- The Washington Times - Tuesday, May 20, 2014

Vulnerable Democratic senators in tight races are vowing to fix Obamacare, but a national ad campaign unveiled Tuesday by conservative groups calls those promises nothing more than lip service.

The video, sponsored by American Commitment and American Encore, features the Democratic Senate incumbents insisting the Affordable Care Act can be repaired after its disastrous October roll-out, then shows other top Democrats saying there are no plans for a legislative fix.

The Democrats also are shown in clips echoing President Obama’s infamous and emphatic promise that “if you like your health care plan, you can keep it,” which the ad calls a lie, showing Sen. Kirsten Gillibrand, New York Democrat, saying “we all knew” policy cancellations were the inevitable result of Obamacare.

“They won’t fix it,” the ad concludes. “It’s just another Obamacare lie.”

The $100,000 campaign kicked off with an online video targeting seven Senate Democratic incumbents seeking reelection: Mark Begich of Alaska, Al Franken of Minnesota, Mary Landrieu of Louisiana, Mark Pryor of Arkansas, Jeanne Shaheen of New Hampshire, and Mark Warner of Virginia.

Both American Commitment and American Encore are 501©4 non-profits, which means they are not required to disclose their donors.

Phil Kerpen, president of American Commitment, worked previously for Club for Growth and Americans for Prosperity, co-founded by conservative funder David Koch, while American Encore head Sean Noble also has ties to the Koch brothers.

“Millions of Americans are suffering the disastrous consequences of this law, and the same Senate Democrats who thwart any attempt to fix the worst elements of the law are out on the campaign trail claiming that, if reelected, they will fix it,” said Mr. Kerpen and Mr. Noble in a joint memo. “It’s a slap in the face and we won’t allow it to go unchallenged.”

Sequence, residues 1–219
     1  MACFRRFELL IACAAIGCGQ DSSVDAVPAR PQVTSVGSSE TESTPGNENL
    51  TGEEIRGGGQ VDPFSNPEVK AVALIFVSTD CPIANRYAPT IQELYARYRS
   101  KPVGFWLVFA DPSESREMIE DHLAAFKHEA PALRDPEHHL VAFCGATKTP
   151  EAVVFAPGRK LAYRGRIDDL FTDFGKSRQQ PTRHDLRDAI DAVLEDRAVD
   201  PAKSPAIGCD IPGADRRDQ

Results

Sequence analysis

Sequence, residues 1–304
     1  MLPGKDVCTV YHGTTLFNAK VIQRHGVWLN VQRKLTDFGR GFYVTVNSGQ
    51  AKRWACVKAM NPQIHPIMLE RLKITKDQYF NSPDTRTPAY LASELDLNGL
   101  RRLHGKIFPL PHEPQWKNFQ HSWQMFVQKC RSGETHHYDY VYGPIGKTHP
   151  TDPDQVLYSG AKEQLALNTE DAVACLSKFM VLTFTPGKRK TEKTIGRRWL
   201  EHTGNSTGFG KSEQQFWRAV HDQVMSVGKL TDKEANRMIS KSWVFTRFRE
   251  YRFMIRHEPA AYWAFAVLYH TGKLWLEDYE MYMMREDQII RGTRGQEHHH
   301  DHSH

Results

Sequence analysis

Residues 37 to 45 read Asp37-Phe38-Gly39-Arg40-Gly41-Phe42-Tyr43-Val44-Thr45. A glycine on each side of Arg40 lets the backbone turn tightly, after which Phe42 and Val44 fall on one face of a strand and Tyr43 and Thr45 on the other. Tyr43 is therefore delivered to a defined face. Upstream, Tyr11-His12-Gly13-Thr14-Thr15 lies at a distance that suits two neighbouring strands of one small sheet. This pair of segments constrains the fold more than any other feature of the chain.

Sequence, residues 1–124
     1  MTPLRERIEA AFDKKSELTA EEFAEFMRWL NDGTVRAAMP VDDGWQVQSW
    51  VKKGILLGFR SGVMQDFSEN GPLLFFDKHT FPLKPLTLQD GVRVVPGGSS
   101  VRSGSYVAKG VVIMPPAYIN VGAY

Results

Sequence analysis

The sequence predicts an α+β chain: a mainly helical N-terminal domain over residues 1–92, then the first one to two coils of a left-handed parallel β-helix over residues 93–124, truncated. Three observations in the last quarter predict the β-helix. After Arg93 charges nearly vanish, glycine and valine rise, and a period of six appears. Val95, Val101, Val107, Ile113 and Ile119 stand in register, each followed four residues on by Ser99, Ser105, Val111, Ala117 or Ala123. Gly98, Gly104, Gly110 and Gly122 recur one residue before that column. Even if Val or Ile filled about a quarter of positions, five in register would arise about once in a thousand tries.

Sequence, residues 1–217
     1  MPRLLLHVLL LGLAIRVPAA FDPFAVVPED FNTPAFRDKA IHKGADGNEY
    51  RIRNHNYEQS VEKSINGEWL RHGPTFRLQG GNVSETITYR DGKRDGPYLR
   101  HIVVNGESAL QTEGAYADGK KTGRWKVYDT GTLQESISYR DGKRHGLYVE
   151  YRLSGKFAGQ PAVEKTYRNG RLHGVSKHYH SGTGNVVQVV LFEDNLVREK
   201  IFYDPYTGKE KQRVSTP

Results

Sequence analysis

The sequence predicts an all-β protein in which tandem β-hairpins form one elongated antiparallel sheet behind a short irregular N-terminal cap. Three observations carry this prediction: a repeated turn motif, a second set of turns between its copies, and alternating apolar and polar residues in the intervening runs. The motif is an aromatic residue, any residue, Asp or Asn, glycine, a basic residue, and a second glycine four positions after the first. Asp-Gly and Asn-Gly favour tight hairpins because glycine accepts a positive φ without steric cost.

Three of the targeted Democrats, led by Mrs. Landrieu, unveiled a package of proposed Obamacare reforms in March, which included offering a lower-premium, higher deductible “copper plan,” and expanding small-business health care tax credits.

“As I have said from the beginning, the Affordable Care Act is not perfect. No law is,” said Mrs. Landrieu in a March 27 statement. “That is why I am happy to join with several of my colleagues to put forth some ideas to make it work even better.”

But critics say Democrats are attempting to placate voters while proposing measures that fail to address the real problems and, what’s more, have no shot of passage under Senate Majority Leader Harry Reid. The Senate has taken no action on more than 40 bills passed by the House addressing Obamacare.

While polls continue to show most Americans oppose Obamacare, they do show strong support for fixing the government health-care program.

“Appealing to that larger group is the principal Democratic public relations strategy for surviving the constant bad news about the law’s implementation,” said the memo from Mr. Kerpen and Mr. Noble. “At the same time, the Democratic legislative strategy remains to block all changes to the law in the Senate, without allowing committee consideration, amendments, or votes.”

Obamacare has received less attention in recent weeks amid the outcry over the Veterans Administration scandal and congressional probe into the Benghazi attack, but Mr. Kerpen said he expects interest to reignite when the 2015 health-care premiums are released over the summer.

• Valerie Richardson can be reached at vrichardson@washingtontimes.com.

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